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VAT on kits

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A seeming reminder that we have been in the ‘silly season’, the tribunal case of Scandinavian Log Cabins Direct [2016] UKFTT 563 (TC) caused some head-scratching on my part.

This relates to the zero rate for a caravan under VATA 1994 Sch 8 Group 9. The product in question is a flat-packed kit for construction of the same (which, it was not disputed by HMRC, would become a caravan as defined, despite being called a ‘log cabin’). But the kit consisted of much more than a selection of logs and screws. The entire pack was machined to fine tolerances and had all that was required to build the basic unit. Buyers need to do some off-cutting and minor adaptation as is inevitable given the different sites on which the assembled unit would sit. Some parts were left to the buyer to procure as they were ‘standard’, but the unit would recognisably be the finished article even before these were fitted.

The appellant had two arguments. First, the kit was ‘a caravan’, notwithstanding the lack of assembly, because a caravan was not necessarily to be defined by being the assembled article, as long as all of it was ‘present and correct’. Second, a kit is as good as the real thing so there was no point making a distinction.

The first of these failed. References to other legislation concerning caravans showed how difficult it was to make sense of those laws if one included the concept of a complete set of parts for a caravan rather than limiting it to the usual habitable structure. I was not surprised by this.

The second, however, did succeed. I was quite surprised by that. How could the tribunal be persuaded that a kit was equivalent to the final product of its assembly?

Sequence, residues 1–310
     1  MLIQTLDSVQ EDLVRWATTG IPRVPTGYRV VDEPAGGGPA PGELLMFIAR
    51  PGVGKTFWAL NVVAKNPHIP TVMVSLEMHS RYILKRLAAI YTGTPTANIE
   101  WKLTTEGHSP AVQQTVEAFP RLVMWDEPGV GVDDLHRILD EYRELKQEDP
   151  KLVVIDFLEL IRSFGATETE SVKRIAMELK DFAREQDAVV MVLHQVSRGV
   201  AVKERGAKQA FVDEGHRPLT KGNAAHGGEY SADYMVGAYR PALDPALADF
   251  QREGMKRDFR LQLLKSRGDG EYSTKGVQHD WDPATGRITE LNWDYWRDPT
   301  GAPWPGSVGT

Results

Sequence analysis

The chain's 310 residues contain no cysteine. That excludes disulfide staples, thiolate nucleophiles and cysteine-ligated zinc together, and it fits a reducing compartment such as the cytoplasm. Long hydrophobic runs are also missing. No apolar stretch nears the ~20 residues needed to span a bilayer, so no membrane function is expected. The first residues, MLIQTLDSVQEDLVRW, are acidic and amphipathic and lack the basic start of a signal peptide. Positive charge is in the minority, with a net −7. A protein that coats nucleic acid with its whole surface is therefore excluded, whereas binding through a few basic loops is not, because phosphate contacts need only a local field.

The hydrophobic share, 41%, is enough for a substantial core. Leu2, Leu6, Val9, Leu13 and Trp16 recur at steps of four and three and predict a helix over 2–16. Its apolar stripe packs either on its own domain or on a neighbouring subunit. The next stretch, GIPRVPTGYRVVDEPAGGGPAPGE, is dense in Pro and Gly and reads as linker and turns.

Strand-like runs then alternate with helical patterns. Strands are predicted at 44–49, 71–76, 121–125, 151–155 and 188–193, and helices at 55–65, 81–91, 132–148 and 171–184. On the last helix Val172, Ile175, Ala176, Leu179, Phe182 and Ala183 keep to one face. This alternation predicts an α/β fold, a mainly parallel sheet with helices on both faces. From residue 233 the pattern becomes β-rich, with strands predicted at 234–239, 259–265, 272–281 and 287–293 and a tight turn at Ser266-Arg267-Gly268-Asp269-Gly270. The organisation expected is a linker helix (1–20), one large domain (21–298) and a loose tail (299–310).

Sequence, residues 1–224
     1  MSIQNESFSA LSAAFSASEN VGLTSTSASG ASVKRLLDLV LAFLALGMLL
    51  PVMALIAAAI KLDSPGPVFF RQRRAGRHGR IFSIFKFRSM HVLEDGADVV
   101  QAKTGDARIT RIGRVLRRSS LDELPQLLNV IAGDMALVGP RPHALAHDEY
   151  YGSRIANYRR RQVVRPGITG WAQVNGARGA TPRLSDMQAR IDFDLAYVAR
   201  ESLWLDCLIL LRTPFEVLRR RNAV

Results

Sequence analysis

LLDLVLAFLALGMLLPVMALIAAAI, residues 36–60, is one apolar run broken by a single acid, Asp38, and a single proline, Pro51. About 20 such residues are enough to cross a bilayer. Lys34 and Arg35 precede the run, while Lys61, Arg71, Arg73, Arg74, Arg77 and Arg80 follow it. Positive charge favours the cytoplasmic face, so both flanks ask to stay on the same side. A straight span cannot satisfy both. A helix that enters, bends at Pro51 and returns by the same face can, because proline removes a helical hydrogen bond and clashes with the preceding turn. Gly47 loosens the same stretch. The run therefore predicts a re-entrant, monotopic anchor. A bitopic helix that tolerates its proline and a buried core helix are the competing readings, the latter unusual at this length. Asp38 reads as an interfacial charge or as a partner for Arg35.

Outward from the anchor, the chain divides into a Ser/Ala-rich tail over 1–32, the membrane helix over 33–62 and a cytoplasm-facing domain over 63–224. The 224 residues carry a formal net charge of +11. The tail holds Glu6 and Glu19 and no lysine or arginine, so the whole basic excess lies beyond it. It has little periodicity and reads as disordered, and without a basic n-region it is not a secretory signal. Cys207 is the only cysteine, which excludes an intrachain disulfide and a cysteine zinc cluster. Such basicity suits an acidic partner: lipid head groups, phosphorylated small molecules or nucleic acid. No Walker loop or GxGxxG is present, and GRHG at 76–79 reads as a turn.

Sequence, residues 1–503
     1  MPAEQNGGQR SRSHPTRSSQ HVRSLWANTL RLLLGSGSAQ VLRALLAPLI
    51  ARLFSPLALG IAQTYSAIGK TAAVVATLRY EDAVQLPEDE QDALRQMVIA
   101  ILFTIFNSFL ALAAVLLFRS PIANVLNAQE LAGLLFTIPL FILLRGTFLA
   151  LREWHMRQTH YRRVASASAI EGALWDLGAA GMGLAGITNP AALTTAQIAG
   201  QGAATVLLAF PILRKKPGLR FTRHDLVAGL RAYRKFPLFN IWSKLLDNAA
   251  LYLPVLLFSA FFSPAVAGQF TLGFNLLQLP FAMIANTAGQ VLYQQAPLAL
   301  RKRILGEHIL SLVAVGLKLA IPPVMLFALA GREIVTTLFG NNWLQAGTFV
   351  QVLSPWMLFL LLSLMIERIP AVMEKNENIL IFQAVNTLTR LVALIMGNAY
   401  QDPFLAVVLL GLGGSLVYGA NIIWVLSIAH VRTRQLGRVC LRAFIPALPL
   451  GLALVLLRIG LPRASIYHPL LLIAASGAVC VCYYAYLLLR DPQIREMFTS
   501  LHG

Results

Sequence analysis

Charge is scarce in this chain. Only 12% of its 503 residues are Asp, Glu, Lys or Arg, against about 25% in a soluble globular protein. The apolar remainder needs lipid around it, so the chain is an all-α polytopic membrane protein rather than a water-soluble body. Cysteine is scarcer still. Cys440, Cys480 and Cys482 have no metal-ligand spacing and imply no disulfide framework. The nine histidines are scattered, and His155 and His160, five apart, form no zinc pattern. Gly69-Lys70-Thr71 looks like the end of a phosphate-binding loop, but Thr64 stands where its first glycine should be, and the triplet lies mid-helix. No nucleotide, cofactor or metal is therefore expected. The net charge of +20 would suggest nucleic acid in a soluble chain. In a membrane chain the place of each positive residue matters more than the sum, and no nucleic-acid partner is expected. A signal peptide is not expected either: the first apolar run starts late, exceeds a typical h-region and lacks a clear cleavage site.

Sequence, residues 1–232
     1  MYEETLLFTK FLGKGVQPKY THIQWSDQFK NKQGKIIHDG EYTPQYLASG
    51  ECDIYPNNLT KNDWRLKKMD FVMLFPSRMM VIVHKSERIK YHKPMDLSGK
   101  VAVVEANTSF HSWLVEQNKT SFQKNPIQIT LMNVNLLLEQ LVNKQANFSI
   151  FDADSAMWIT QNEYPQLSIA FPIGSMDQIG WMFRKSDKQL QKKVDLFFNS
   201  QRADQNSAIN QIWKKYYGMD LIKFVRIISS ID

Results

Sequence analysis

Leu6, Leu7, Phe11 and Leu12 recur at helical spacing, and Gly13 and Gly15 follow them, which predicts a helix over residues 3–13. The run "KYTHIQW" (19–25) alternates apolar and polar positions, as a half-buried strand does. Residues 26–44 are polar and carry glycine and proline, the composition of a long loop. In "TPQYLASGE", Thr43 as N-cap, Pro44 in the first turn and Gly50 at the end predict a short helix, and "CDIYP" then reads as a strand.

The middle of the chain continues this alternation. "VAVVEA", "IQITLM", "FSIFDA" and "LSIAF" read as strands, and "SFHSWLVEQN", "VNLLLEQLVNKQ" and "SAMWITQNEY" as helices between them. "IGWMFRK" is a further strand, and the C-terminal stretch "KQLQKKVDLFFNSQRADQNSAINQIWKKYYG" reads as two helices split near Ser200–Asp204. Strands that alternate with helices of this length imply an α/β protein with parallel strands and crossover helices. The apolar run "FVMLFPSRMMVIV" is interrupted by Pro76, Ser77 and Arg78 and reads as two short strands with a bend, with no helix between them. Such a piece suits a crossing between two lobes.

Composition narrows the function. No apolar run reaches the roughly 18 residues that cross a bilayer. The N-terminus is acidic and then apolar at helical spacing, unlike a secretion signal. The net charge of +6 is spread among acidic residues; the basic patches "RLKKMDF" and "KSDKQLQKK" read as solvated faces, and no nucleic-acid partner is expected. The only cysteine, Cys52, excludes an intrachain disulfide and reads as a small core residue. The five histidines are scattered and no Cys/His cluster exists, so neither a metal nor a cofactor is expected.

What persuaded it was an ancient purchase tax case: Betterways Panels Ltd [1964] 1 All ER 948 in which a judge opined (to ensure that purchase tax was duly paid) that a full kit of parts for something was materially different to merely buying some of the constituent parts, and thus was equivalent to the final product. Our appellant used this in reverse, so to speak, to make out a case that the kit for a zero rated product should also be taxed as though it were the product. HMRC said that it should be taxed the same as building materials are taxed even when later used on a zero rated building project. The tribunal rejected that parallel because building materials are not supplied as a fully measured out ‘kit’ to create exactly one house, so are not comparable to the log cabin kit, which held everything that was needed. Nobody was trying to argue that felled pine trees should be sold zero rated because they might be used to build a caravan. This kit was completely finished save for the effort of assembly.

And the tribunal was fortified in its view by reference to HMRC’s policy that fabrics marked out for completion into children’s clothes (hence, a kit) are zero rated as though they were children’s clothes (see Notice 714, para 7). I can see that being withdrawn pretty sharply in the light of this case.

But can it be right?

I struggle with the logic. Were it not for a case of more than 50 years’ age, the point would not appear to have had much chance. That related to a different tax, and was involved in bringing a supply within the tax, not providing a relief from tax. Reliefs ought to be applied strictly where VAT is concerned, so why is the question of the scope of purchase tax really all that relevant? And what if parliament intended the zero rate to reflect not merely the social aspect of providing housing but also the social aspect of the use of manual labour in constructing the housing? That would be reduced in the case of a kit.

HMRC may be discouraged from appealing on the basis that there is a small market for the product, but if it does, one cannot help predicting a successful appeal.

Issue: 1321
Categories: In brief , VAT